Frisking The Borders Of Black Phosphorous

Black phosphorous is a material that I have written about before here:

Forming Black Phosphorous By Intercalation

It is a unique allotrope of phosphorous that is very similar to graphite in the way it forms layers, conducts electricity, shares similar bonding and even as the name suggests looks quite a bit like graphite. Because of this research is being done almost constantly on the possibility of making a single layer of phosphorous to see if it is as useful as graphene is.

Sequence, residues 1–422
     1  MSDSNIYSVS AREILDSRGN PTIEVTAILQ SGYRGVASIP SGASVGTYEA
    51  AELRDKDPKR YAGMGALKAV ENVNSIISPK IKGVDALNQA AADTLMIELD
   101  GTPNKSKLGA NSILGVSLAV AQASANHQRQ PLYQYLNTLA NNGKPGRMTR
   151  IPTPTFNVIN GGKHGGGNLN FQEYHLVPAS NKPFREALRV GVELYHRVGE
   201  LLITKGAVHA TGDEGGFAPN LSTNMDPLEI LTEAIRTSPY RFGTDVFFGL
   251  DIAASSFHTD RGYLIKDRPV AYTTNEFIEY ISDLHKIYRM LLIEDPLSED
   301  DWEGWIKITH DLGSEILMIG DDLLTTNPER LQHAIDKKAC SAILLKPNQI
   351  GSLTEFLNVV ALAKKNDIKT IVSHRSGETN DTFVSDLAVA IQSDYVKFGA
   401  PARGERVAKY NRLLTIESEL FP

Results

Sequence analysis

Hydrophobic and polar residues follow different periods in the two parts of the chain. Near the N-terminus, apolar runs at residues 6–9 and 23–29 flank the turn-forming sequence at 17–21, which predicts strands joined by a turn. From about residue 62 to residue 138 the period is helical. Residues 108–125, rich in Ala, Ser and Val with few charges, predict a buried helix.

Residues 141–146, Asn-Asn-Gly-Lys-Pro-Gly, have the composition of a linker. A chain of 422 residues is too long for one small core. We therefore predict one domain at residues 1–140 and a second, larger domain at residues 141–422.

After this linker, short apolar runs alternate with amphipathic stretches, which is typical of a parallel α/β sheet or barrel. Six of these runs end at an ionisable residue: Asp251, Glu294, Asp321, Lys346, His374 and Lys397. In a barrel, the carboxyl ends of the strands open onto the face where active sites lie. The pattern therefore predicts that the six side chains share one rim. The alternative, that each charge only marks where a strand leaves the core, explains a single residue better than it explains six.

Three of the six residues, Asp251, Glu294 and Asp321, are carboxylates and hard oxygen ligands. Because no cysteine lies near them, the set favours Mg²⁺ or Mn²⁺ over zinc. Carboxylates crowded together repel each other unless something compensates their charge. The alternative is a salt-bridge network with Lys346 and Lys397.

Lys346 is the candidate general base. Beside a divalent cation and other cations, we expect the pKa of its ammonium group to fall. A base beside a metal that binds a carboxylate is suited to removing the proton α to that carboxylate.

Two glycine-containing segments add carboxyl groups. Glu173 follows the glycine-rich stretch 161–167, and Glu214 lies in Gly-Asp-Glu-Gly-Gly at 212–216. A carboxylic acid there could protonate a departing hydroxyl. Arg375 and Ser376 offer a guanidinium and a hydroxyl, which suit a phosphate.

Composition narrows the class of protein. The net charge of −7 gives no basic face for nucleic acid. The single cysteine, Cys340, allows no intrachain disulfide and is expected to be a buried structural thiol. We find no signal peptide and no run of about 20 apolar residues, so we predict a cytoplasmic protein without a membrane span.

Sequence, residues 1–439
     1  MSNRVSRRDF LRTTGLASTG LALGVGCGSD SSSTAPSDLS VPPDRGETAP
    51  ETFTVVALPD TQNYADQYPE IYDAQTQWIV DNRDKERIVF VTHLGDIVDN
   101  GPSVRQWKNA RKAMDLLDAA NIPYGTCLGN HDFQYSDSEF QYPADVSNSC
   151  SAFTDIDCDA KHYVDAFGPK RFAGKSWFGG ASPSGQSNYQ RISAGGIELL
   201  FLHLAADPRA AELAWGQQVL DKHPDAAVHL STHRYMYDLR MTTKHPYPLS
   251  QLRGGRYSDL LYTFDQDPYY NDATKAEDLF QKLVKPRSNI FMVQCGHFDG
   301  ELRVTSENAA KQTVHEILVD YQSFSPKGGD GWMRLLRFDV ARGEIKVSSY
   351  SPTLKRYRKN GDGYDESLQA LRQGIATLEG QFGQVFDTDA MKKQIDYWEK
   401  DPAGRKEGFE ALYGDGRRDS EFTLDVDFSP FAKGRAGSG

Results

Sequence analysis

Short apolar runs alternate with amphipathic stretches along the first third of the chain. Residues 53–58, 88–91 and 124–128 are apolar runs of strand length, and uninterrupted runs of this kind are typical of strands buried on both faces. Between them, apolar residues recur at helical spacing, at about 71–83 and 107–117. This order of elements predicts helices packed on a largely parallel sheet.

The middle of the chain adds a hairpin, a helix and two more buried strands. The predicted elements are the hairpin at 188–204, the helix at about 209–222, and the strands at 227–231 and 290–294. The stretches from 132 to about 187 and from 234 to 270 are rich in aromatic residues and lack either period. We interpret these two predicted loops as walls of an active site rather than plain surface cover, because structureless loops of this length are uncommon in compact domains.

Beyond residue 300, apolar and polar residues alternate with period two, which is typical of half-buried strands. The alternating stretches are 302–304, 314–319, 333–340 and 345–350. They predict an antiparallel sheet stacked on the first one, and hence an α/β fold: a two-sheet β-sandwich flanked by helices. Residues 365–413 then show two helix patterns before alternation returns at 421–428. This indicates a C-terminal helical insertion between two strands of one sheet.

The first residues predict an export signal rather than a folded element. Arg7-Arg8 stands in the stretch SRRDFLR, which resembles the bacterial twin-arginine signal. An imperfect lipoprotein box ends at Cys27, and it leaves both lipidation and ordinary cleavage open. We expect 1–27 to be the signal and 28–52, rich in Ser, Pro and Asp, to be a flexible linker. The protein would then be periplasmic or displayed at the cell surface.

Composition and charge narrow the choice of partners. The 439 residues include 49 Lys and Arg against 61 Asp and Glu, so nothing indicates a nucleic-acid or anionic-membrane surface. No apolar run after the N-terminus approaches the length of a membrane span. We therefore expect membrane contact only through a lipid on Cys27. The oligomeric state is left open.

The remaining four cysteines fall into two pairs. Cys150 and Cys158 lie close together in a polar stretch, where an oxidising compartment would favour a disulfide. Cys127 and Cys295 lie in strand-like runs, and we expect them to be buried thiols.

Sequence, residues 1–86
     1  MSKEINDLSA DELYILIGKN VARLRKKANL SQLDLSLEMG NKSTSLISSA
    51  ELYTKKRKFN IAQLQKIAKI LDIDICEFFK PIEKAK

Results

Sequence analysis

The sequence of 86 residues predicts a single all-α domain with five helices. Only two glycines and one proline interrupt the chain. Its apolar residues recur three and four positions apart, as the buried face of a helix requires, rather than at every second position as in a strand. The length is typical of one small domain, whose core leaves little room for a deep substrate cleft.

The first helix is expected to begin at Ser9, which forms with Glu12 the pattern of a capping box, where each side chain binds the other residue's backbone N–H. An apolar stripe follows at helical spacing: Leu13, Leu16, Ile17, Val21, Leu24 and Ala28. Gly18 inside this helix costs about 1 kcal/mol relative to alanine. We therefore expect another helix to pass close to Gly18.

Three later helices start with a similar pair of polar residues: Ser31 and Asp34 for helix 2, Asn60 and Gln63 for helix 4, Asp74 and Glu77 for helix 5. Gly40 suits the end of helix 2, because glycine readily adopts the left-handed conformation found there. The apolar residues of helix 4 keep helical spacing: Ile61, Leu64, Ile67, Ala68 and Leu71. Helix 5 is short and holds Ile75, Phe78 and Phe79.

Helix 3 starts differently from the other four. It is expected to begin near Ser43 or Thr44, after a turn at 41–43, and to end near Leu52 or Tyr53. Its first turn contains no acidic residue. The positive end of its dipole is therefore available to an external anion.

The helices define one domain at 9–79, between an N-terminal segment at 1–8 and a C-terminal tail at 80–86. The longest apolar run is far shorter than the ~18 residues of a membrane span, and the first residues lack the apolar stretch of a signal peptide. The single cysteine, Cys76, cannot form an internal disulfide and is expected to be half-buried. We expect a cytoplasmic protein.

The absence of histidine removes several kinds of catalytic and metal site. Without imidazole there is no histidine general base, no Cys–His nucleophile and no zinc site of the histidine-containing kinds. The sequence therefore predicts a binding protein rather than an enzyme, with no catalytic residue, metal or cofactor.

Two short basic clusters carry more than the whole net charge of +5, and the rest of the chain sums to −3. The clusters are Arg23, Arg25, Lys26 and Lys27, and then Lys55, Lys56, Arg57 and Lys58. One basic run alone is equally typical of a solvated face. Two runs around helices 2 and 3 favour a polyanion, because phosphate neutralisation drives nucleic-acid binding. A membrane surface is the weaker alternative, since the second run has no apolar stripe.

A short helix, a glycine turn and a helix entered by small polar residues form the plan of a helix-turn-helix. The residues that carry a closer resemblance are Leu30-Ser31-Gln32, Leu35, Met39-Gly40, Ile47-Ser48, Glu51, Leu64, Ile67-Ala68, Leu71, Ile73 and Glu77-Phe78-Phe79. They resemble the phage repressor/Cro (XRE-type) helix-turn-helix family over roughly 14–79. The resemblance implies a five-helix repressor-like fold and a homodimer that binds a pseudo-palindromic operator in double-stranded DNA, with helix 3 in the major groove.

It has now been shown by Raman scattering an interesting feature of black phosphorous:  The type of vibration changes near the edge of the material due to the “zigzag” pattern it makes. These individualist phonons are impossible in the middle of the crystal but are produced by the termination arrangement around the edge of the structure. These edges are very important as they play a key role in both thermal and electrical conduction of the phosphorous and will help us find a useful application for it. This research will certainly help the electronics industry and will be especially useful for understanding the properties of ribbons of black phosphorous as these have a low surface area the perimeter ratio and so are dominated by these edge characteristics.

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